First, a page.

Serbian police arrest 3 Australians over $400M cocaine haul

A Serbian police car (Shutterstock)
Updated 18 January 2018
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Serbian police arrest 3 Australians over $400M cocaine haul

CANBERRA, Australia: Three Australians have been arrested in Serbia over the second-largest cocaine haul in Australian law enforcement history, police said on Thursday.
Serbian police alleged the men arrested in a Belgrade hotel foyer on Wednesday “are linked to” the discovery of 1.28 metric tons (1.41 US tons) of cocaine that were seized last April on a Chinese freighter docked in Sydney. The drug haul was worth 500 million Australian dollars ($400 million), police said.
Police said the arrests were made during a “money handover.” A Lebanese citizen was detained and charged with having forged identity documents.
The drug was concealed in pre-fabricated steel in more than 2,500 individual blocks and was the second largest cocaine seizure in Australia, Australian Federal Police and the Australian Border Force said in a statement.
“This was a sophisticated concealment, but thanks to our highly trained officers and world-class screening technology, we were able to locate the cocaine and ultimately disrupt a significant international drug operation,” Border Force Assistant Commissioner Tim Fitzgerald said.
The largest Australian haul of the illicit drug was 1.4 metric tons (1.5 US tons) found in February last year in a yacht that had allegedly smuggled it from the South Pacific. Six people were charged and face potential life prison sentences.
That larger haul was valued at over A$300 million because of its lower purity than the second-largest haul.
After the Serbian arrests, Australian police executed five search warrants in the national capital Canberra and three towns in New South Wales state. No arrests have been made in Australia, but investigations continue, police said.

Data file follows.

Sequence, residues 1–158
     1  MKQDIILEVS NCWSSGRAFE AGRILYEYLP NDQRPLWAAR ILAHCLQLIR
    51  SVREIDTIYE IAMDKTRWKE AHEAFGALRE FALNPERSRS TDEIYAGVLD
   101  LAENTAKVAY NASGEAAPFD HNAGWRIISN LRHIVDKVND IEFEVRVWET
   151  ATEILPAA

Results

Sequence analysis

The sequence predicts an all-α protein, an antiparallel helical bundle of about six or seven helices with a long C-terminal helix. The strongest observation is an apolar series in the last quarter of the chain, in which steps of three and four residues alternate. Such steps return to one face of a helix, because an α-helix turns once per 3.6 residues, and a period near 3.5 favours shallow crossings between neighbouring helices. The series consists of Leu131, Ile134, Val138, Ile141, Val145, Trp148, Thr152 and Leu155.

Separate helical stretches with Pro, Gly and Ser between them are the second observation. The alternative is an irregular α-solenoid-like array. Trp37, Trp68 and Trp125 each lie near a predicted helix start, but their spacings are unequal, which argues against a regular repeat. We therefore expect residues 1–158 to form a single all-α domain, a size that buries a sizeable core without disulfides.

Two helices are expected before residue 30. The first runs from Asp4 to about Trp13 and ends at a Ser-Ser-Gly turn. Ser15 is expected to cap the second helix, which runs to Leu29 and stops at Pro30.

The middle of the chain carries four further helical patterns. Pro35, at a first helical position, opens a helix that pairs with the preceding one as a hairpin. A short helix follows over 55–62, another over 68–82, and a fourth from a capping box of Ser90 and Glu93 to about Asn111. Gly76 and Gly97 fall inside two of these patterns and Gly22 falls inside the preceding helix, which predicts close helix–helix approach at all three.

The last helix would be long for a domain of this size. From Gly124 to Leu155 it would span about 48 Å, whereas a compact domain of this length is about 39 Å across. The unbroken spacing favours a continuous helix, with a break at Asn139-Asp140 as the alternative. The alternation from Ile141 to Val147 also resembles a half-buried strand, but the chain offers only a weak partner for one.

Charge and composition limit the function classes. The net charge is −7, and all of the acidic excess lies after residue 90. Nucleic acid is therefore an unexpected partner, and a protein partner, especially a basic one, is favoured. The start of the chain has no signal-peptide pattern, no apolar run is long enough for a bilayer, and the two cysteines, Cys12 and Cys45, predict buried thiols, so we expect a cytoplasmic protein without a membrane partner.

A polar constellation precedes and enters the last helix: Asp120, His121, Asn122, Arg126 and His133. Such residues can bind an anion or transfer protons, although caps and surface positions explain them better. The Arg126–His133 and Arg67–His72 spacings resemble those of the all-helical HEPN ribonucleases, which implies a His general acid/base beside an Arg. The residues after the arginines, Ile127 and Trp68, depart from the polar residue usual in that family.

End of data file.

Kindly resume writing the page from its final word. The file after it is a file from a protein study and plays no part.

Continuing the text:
Illicit drugs command relatively high prices in Australia, making it an attractive market for international drug networks despite its remoteness.


Pakistan heatwave kills 65 people in Karachi — welfare organization

Updated 53 min 38 sec ago
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Pakistan heatwave kills 65 people in Karachi — welfare organization

  • Temperatures hit 44 degrees Celsius (111 Fahrenheit) on Monday
  • Most of the dead were low wage factory workers who work around heaters and boilers in textile factories and there is eight to nine hours of scheduled power outages in these areas, says Faisal Edhi, who runs the Edhi Foundation

ISLAMABAD: A heatwave has killed 65 people in Pakistan’s southern city of Karachi over the past three days, a social welfare organization said on Tuesday, amid fears the death toll could climb as the high temperatures persist.
The heatwave has coincided with power outages and the holy month of Ramadan, when most Muslims do not eat or drink during daylight hours. Temperatures hit 44 degrees Celsius (111 Fahrenheit) on Monday, local media reported.
Faisal Edhi, who runs the Edhi Foundation that operates morgues and an ambulance service in Pakistan’s biggest city, said the deaths occurred mostly in the poor areas of Karachi.
“Sixty-five people have died over the last three days,” Edhi told Reuters. “We have the bodies in our cold storage facilities and their neighborhood doctors have said they died of heat-stroke.”
A government spokesperson could not be reached for comment.
But Sindh province’s Health Secretary Fazlullah Pechuho told the English-language Dawn newspaper that no one has died from heat-stroke.
“Only doctors and hospitals can decide whether the cause of death was heat-stroke or not. I categorically reject that people have died due to heat-stroke in Karachi,” Pechuho was quoted as saying.
Nonetheless, reports of heat stroke deaths in Karachi will stir unease amid fears of a repeat of a heatwave in of 2015, when morgues and hospitals were overwhelmed and at least 1,300 mostly elderly and sick people died from the searing heat.
In 2015, the Edhi morgue ran out of freezer space after about 650 bodies were brought in the space of a few days. Ambulances left decaying corpses outside in sweltering heat.
The provincial government has assured residents that there would be no repeat of 2015 and was working on ensuring those in need of care receive rapid treatment.
Edhi said most of the dead brought to the morgue were working class factory workers who came from the low-income Landhi and Qur’angi areas of Karachi.
“They work around heaters and boilers in textile factories and there is eight to nine hours of (scheduled power outages) in these areas,” he said.
Temperatures are expected to stay above 40C until Thursday, local media reported.